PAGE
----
which all Ionian peri physeos historia is rejected as meaningless,
self-contradictory and false from the point of view of a moral
philosopher whose subject are exactly the εἴδη or moral concepts
and who refuses to conceive man as a collection of bones, phlegm
and tendons rather than a moral agent endowed with immortal soul
and a free will. Since in Phaedo Socrates in a similar context attacks
not one particular thinker, but the whole of naturalistic
(predominantly Ionian) tradition, we believe that the «perennial»
and global intellectual battle described in the Sophist refers to the
history of all Preplatonic philosophy, and primarily to the clash of
692 A. Lebedev

Ionian monistic naturalism (first of all, Milesians and Atomists) with

the Western Greek idealism, primarily with the Eleatic monistic
idealism of Parmenides as reconstructed above. This is made even
more plausible by the fact that the dialogue person who tells the
story of the great battle is the Eleatic Stranger who quotes
Parmenides three times, the second time right before the digression
on «gigantomachy»96. In favor of the identification of the two camps
primarily with the Ionian and Italian traditions in Pre-Platonic
philosophy also speaks the juxtaposition of the «Ionian and Italian
Muses» (Ἰάδες καὶ Σικελικαὶ Μοῦσαι) in the preceding context
Soph. 242 d-e. We say «primarily» because from Plato’s point of
view the original theoretical debate on the nature of being between
«Ionian and Italian» schools is paradigmatic and relevant both for
the time of Socrates and his own time. In Plato’s dialogues Socrates
is the chief opponent of the Sophists who for the most part were
heirs of the Ionian naturalism; the Sophistic Kulturgeschichte was a
sequel to the Ionian evolutionist cosmogony. In Greek myth the
gigantomachy was won by the gods thanks to Heracles. In later
Socratic tradition Socrates was often compared with Heracles. Does
Plato allude to Socrates as a new Heracles in the philosophical
gigantomachy? There are reasons to believe that the Sophists (at
least in Plato’s view) were friends of «those who are in flux» (οἱ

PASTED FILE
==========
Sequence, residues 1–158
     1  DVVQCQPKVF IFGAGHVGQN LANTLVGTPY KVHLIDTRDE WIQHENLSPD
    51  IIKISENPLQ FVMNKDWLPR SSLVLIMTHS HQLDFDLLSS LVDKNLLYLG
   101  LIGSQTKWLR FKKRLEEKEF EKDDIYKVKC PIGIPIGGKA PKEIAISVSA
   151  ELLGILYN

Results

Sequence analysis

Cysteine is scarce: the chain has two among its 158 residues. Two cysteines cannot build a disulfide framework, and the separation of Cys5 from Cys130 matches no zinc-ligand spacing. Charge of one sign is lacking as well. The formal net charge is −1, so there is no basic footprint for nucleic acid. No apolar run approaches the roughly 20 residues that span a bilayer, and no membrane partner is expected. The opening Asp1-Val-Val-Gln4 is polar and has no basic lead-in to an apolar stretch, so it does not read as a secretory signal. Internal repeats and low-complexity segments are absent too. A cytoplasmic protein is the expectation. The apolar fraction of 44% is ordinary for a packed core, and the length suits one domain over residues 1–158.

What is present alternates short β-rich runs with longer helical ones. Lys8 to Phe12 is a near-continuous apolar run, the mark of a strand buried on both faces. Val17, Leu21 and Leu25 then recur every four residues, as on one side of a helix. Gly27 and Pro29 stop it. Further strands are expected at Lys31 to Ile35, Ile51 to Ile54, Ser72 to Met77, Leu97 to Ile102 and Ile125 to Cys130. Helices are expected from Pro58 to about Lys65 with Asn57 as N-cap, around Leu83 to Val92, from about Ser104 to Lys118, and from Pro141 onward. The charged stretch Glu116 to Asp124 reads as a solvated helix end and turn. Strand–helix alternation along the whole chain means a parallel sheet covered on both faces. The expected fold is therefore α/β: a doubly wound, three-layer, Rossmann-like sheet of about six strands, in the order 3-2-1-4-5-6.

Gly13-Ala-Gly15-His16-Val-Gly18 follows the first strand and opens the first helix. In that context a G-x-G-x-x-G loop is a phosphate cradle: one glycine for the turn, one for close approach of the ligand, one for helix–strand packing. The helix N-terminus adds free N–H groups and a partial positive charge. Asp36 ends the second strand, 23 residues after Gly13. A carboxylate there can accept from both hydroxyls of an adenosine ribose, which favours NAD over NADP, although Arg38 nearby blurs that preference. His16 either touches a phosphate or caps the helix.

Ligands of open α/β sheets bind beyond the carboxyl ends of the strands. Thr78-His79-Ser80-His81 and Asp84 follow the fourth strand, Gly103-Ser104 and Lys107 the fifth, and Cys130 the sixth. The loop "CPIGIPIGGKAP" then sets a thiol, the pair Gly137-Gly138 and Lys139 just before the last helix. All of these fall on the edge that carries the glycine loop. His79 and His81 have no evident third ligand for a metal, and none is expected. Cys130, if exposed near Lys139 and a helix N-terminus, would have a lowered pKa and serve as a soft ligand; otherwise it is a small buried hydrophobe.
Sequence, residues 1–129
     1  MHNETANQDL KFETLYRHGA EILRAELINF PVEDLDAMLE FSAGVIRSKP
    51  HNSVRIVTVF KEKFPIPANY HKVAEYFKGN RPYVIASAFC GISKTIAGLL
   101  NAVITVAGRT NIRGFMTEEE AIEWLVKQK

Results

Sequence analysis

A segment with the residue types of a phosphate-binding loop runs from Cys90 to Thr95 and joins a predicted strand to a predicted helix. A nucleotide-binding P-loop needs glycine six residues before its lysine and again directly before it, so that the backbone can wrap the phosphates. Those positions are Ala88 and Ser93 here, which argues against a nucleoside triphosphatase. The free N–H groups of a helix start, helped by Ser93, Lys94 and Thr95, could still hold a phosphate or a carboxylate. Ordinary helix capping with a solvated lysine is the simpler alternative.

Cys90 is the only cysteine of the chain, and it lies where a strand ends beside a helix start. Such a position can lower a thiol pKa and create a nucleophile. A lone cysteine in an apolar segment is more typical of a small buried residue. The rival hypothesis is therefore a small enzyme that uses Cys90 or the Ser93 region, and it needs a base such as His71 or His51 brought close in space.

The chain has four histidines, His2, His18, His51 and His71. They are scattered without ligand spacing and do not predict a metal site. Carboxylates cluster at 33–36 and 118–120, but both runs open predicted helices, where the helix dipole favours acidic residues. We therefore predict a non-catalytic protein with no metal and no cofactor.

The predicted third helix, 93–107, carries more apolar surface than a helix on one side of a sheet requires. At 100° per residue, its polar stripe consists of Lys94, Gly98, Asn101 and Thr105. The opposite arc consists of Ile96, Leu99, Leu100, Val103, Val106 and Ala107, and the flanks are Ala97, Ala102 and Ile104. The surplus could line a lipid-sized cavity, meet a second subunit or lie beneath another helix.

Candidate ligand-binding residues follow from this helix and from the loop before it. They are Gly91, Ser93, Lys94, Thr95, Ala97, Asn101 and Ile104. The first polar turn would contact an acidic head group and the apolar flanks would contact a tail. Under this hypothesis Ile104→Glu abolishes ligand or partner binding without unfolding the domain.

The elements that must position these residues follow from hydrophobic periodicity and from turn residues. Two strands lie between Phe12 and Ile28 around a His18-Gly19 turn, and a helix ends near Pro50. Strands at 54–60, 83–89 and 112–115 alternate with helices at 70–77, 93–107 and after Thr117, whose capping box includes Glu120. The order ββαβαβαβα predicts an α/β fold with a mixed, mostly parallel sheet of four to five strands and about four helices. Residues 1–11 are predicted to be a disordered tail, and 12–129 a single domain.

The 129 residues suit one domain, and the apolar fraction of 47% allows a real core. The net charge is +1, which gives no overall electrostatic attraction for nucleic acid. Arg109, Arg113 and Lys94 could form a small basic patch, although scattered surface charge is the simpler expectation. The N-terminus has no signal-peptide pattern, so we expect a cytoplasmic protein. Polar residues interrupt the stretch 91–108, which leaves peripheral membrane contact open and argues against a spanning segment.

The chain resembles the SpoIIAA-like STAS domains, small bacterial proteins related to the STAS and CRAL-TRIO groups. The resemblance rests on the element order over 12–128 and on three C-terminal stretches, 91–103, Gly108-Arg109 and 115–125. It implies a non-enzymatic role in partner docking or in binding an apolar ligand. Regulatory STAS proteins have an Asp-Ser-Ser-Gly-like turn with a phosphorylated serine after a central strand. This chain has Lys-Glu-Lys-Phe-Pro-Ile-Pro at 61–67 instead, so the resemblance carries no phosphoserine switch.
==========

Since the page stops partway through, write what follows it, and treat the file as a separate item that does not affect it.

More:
ρέοντες) and opponents of «those who put nature to rest» (οἱ τῆς
φύσεως στασιώται), the two opposing each other groups that in
Plato’s history of philosophy roughly correspond with the two
camps of the gigantomachy. If so, the great battle refers to several
generations of Greek philosophers: Plato and his Academic friends
in the 4th century fight against Democritus, as Socrates in the 5th
was fighting against Protagoras, as Melissus was fighting against 5th
century physikoi, as Zeno was fighting against the critics of
Parmenides, as Parmenides circa 480 B.C. was fighting against
Heraclitus and the Ionians in general 97 , as Philolaus was fighting
against the Ionian concept of the material substance (physis) by
reducing it to immaterial mathematical essences of peras and
apeiron 98 , as Pythagoras in the 6th century (conceivably) was

Soph. 237a (= 28 B 7.1–2 DK) , 244e (= B 8.43–45 DK), 258d (= B 7.1–
2 DK).
By Heraclitus we mean here the Platonic «Heraclitus» of Cratylus and
Theaetetus, not the authentic philosophy of Heraclitus.
Who are the «reformed» materialists is an intriguing question, but it is
not essential to our argument. According to Guthrie (loc. cit.), ordinary
people of common sense are meant. If any historical persons are meant at
Idealism (mentalism) in Early Greek metaphysics... 693

fighting against the Milesians and Anaximander’s concept of φύσις

ἄπειρος by imposing on it a superior principle of peras and divine
harmony of the cosmos.
We possess a unique Pre-Platonic (and independent from Plato)
evidence on the two dominant philosophical schools circa 400 B.C.
The author of the sophistic Dissoi Logoi in chapter 6 refutes the
«mistaken» view that «wisdom and virtue» cannot be taught.
Refuting one of the arguments in support of this thesis, namely that
«there are no approved teachers», he replies citing two empirical
facts or proofs (τεκμήρια) of the contrary (6.7–8): τί μὰν τοὶ
σοφισταὶ διδάσκοντι ἢ σοφίαν καὶ ἀρετάν; ἢ τί δὲ Ἀναξαγόρειοι καὶ
Πυθαγόρειοι ἦεν. ‘What, for God’s sake, the sophists are teaching, if
not wisdom and virtue? And what about followers of Anaxagoras
and Pythagoras?’ Philosophers are represented by what seems to be
two dominant schools of the time, the Anaxagoreans and the
Pythagoreans. Like sophists, they teach theoretical wisdom (science)
and practical virtue. It is not clear whether each school teaches both
wisdom and virtue, or the Anaxagoreans specialise in science, and
the Pythagoreans in moral education. The point is that both
Anaxagoras and Pythagoras are ἀποδεδεγμένοι διδάσκαλοι, com-
monly recognised teachers, since generations of their disciples call
themselves by the name of the founders of the school. We see that
the division of Greek philosophy into Ionian and Italian traditions is
some 600 years earlier than Diogenes Laertius (contra Sassi 2011).
The author of Dissoi logoi probably classed Parmenides and Zeno
with Pythagoreioi, and Democritus (if he was known to him) with
Anaxagoreioi. In any case these two schools exactly correspond
with the two camps of Plato’s «gigantomachia». That Plato regarded
Pythagoras as the founder the idealist Greek metaphysics is made
clear by the passage in Philebus 16c where the «divine gift» to
mortals, the philosophy of peras and apeiron, was brought to
humanity by a certain «Prometheus» of old days dwelling «closer to
the gods»99. In such elevated terms Plato can speak only of Pytha-

all, Anaxagoras would fit the bill since he admitted – alongside with the